Sometimes truck stops have acceptable showers as well.  Camp stores sell portable solar showers, though the water coming out of those tends to smell strongly of plastic, as most of these are made from vinyl or PVC.  Some glass bottles left in the sun might provide enough warm water for a basic sponge bath, just be careful to leave enough air in them so they do not explode. 


Between the completely primitive camping and the full-service campgrounds are the basic campgrounds that are often operated by the US Forest Service, which has 4,600 of these across the country.  These are not advertised, but most of them are listed in the “National Forest Campground & Recreation Directory,” published by the Coleman Company and available in larger bookstores.  A local ranger or visitor center can be helpful in locating them as well.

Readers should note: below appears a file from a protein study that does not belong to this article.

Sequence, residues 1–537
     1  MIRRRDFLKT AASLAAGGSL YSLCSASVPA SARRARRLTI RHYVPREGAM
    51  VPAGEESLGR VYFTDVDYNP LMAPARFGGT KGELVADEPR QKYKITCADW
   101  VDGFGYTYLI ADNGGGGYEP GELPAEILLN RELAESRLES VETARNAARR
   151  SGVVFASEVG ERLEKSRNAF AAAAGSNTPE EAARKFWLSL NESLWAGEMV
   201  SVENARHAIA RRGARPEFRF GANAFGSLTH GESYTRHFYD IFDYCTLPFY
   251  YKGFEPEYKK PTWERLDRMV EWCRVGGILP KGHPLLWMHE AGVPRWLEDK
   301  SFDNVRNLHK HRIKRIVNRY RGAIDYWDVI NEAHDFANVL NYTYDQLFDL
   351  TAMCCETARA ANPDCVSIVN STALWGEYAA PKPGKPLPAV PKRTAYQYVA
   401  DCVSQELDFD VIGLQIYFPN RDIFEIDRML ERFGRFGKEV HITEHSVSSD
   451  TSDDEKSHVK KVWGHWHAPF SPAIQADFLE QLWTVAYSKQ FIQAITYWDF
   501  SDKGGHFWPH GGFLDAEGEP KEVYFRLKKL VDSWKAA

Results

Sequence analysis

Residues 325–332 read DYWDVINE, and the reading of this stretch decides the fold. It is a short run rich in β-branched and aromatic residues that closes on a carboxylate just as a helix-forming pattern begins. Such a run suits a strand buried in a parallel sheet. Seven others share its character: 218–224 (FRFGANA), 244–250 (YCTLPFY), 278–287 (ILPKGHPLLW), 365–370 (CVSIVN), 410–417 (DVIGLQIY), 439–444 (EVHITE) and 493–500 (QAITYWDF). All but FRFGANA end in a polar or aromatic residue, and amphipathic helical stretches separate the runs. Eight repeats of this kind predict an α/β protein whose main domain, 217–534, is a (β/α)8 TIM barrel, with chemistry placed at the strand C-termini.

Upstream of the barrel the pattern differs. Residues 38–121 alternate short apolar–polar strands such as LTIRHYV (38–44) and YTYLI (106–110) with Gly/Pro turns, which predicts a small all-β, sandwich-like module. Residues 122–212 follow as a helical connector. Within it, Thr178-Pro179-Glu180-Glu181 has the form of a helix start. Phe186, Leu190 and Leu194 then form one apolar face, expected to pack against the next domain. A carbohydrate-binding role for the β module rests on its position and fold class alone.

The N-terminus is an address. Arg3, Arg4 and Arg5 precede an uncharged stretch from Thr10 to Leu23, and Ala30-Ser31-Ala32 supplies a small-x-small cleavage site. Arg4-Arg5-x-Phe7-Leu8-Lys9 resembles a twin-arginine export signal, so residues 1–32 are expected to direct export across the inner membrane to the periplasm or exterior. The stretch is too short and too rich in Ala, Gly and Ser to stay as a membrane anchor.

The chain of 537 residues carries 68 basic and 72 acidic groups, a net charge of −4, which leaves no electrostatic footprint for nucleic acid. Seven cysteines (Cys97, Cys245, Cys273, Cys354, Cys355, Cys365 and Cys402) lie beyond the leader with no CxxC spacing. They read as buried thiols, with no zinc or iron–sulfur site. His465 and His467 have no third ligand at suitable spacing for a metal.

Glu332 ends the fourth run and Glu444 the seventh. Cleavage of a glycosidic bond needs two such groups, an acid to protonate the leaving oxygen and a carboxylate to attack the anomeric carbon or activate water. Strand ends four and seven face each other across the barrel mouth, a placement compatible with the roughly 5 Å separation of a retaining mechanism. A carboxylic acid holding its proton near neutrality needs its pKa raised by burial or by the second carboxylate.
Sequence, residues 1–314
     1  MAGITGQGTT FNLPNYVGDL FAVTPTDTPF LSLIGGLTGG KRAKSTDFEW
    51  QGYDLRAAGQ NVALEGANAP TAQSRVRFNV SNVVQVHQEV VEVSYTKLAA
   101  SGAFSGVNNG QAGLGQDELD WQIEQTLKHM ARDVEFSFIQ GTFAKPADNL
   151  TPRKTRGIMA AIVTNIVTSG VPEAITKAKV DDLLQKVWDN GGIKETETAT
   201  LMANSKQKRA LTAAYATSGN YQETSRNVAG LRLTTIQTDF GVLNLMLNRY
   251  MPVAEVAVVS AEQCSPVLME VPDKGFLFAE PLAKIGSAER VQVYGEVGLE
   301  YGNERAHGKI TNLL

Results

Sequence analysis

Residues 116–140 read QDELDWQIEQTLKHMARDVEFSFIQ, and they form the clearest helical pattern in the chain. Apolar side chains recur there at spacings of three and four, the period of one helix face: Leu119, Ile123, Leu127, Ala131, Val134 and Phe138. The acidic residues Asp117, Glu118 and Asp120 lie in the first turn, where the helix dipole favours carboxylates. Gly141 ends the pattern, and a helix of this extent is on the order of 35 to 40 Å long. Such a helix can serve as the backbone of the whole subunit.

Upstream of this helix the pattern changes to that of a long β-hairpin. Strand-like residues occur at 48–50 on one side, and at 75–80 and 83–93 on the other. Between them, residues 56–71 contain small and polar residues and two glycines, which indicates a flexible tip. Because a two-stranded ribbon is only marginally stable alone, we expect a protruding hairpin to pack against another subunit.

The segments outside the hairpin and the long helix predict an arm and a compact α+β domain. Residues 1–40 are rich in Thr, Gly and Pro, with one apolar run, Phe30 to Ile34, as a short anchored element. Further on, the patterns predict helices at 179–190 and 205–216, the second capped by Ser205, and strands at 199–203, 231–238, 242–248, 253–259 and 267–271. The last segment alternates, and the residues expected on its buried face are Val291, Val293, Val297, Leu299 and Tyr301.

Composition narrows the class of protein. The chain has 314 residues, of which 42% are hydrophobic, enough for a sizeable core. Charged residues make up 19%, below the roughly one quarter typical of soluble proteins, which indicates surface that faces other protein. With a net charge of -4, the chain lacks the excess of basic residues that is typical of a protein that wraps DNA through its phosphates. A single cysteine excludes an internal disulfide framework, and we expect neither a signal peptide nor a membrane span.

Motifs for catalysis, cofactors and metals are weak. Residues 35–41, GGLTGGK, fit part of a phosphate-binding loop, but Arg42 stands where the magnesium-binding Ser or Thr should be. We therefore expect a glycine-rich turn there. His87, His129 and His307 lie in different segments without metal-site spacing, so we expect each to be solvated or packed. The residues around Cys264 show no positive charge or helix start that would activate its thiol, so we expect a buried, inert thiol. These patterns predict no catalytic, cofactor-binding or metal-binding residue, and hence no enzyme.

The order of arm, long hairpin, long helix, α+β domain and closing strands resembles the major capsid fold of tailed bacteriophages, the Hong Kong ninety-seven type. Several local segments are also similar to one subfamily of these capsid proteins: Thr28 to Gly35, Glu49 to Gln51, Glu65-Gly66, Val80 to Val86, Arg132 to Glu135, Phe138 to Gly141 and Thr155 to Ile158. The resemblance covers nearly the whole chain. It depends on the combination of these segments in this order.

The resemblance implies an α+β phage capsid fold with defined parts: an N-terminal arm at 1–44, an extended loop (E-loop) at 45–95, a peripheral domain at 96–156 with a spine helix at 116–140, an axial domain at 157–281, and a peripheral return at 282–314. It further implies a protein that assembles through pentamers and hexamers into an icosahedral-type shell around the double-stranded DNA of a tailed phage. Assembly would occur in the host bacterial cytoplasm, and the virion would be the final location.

These small campgrounds typically have from 5 to 30 campsites, usually in a pristine area.  They generally have pit toilets, no running water, no electricity, and no on-site staff.  They tend to be less crowded than the full-service campgrounds, though the campers often are the more rugged types who tend to like wood fires.  On the other hand, there is unlikely to be much else there that could be a problem such as spraying. The pit toilets may be cleaned weekly, or even less frequently, but some will have strong disinfectants inside the latrine pit.  Some may have a fragrance dispenser hanging, which you could ask a friend to dispose of, or do it yourself by wrapping something around it first.  At these remote campgrounds, it is usually possible to walk away and pee in the woods. 


These places can be deserted on weekdays outside of the busy season.  Many of these campgrounds do not have room for RVs, though the Forest Service is working on upgrading a lot of them.


I have many times found unofficial campsites added later on near these campgrounds.  They are well worth looking for.


Most places have a 14-day limit but that can be circumvented by going away for a day or two and then coming back.


The author has pitched his tent in all kinds of places throughout 45 states.